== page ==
When I examine marketing strategies, I run them through this lens. Because I see the importance of it now and far into the future. As technology continues to evolve and make things better, faster, and smarter, we will always need people to think about the unintended consequences of what we are doing.
That is leadership
That is building a LDRBRND
I would rather err on the side of caution and humanity versus plowing ahead full steam just to realize results (especially financial). This is an idea that was virtually unheard of in the hay day of big corporate greed. We have been unwinding that over the last decade. We see many more brands being purpose driven and civic minded. The money we make doesn’t create real impact in the world when it is offset by dehumanizing conditions.
Again, considering the other side: I am not saying a business shouldn’t make money. But there is a way to do it ethically and conscientiously. Legacy is the word I like to think of often. What is the world I am leaving behind for my children and grandchildren (maybe even great grandchildren)?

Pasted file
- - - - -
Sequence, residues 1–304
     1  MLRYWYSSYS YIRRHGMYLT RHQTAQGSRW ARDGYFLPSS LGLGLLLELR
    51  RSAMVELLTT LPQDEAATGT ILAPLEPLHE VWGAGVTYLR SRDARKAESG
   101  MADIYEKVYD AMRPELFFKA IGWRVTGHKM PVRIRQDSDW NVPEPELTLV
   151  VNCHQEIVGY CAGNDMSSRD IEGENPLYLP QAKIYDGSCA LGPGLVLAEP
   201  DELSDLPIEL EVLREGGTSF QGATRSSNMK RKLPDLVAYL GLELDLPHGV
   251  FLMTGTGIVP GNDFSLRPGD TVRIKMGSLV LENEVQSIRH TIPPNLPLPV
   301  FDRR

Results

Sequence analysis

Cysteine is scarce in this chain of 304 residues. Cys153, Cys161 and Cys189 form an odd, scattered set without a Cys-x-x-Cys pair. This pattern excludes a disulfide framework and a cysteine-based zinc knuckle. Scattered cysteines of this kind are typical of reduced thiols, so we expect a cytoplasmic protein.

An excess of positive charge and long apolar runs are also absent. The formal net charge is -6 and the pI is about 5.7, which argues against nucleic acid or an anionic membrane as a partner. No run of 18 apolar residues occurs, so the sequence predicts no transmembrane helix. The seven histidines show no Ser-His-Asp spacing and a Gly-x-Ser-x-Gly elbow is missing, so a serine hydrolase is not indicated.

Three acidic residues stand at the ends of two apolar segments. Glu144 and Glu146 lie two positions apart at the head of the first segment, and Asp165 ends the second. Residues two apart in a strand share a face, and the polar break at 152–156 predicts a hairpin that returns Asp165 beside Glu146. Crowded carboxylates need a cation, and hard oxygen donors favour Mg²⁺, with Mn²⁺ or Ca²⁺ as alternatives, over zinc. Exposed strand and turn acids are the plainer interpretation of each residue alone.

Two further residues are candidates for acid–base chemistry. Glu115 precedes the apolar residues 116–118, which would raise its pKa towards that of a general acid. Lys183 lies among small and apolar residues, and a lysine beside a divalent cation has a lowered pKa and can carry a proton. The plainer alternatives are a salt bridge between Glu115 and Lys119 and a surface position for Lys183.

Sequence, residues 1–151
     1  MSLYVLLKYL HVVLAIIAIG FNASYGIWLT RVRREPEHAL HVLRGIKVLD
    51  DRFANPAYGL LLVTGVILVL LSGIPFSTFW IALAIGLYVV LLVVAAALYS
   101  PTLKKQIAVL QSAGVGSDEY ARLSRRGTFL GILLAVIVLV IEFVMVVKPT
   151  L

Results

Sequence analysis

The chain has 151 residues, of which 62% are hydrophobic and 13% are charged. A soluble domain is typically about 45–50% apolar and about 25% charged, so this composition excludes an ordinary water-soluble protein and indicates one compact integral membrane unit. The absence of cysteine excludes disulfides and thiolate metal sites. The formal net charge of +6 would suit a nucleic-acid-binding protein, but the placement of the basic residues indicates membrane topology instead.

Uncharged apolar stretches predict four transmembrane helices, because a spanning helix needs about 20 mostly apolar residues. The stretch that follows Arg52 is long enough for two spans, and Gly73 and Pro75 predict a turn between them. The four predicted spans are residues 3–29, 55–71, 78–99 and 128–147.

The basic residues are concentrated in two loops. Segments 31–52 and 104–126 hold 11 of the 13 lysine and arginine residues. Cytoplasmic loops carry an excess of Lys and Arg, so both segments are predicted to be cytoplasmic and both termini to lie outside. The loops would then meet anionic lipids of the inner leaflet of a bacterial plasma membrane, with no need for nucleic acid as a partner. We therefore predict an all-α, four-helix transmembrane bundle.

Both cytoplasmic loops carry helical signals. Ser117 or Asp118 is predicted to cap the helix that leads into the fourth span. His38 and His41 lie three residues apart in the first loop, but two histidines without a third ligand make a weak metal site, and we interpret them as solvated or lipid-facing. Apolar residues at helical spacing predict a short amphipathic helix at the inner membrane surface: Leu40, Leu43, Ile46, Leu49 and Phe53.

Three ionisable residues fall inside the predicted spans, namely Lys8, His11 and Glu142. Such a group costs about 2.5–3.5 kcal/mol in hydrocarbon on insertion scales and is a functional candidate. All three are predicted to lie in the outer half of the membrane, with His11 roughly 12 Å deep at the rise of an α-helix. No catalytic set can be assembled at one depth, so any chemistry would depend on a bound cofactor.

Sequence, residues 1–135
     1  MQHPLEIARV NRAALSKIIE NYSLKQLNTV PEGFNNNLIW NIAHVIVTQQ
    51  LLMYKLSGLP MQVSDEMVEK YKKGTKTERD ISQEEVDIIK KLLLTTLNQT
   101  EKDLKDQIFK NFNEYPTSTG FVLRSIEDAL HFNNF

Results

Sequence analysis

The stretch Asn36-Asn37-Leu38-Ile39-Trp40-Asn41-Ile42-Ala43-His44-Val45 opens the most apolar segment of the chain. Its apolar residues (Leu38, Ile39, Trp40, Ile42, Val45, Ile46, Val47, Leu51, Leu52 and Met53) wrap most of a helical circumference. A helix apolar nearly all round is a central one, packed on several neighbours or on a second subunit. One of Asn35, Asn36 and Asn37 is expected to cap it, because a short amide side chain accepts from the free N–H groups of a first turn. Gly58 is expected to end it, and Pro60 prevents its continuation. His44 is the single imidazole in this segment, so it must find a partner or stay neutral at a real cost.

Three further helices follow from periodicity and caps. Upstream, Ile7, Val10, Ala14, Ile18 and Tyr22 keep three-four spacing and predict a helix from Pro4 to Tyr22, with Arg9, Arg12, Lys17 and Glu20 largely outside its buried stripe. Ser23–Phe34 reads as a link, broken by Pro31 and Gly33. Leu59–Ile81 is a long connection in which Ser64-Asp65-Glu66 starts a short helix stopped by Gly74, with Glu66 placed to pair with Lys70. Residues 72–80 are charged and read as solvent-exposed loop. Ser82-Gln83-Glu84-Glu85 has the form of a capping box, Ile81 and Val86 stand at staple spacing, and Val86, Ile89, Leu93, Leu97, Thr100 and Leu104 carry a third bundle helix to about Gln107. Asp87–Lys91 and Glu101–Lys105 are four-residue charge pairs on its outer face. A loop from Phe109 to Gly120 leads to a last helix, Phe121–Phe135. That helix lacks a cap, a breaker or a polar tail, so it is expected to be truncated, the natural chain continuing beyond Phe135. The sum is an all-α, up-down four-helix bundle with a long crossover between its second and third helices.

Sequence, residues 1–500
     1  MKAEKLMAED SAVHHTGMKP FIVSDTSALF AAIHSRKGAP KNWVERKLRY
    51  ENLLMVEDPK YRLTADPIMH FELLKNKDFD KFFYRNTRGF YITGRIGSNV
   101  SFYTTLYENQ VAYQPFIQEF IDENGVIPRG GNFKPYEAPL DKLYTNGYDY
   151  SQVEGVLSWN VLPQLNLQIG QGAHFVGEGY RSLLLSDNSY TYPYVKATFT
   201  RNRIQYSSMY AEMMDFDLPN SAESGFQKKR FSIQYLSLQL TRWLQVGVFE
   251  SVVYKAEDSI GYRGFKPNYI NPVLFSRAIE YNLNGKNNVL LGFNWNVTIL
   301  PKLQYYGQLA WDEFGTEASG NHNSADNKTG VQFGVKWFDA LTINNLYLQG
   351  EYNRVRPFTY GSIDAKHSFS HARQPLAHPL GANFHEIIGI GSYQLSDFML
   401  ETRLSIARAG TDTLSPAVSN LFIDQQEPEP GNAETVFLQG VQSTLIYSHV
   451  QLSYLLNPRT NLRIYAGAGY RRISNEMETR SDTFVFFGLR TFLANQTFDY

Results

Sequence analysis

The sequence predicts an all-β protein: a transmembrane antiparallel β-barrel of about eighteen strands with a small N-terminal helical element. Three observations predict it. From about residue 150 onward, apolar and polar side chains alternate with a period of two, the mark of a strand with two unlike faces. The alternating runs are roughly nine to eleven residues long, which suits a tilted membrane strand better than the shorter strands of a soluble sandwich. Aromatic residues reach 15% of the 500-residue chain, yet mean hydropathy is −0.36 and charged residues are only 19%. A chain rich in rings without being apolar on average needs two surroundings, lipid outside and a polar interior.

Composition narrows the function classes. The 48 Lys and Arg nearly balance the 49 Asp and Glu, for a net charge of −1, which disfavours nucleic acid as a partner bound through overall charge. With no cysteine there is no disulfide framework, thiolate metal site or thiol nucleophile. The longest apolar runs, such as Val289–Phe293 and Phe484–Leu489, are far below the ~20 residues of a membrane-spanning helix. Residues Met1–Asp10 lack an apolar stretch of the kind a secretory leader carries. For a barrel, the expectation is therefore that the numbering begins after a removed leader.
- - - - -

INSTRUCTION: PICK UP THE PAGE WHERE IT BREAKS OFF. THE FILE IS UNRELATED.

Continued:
If I’m not applying prudence to the decisions I make in my brand and business (marketing or otherwise), I am setting myself up for failure by embracing tactics that maximize revenue at the expense of others. And I don’t want to do that. That’s not the mark I want to leave in the world.
I want my gravestone to simply say:
He loved God
He loved others
Prudence is definitely a way to achieve that ideal. My actions are deeply rooted in and motivated by love. I want my love to be felt in every one of my actions and dealings. That should shine through the marketing I do. My hope is to spread that idea to other brands to.
LDRBRND is a movement
It’s a chance to stand up and say this isn’t right. We can do better. We can elevate the marketing industry. We can choose to have a bias for humanity. We can choose to be cautious and not jump on every marketing wave.
We can simply say: this isn’t right for me and my brand. We can choose to stand out and attract people to our cause by being leaders with high morals and standards.
We can help each other.
LDRBRND is a community.
It’s a different approach.
It’s a unique way of being.
I’m asking you to come along with me on a journey to create something special and remarkable.
Will you join me?
I’ve been helping leaders become better marketers for over 21 years and would love to help you take the next step in your spiritual leadership journey.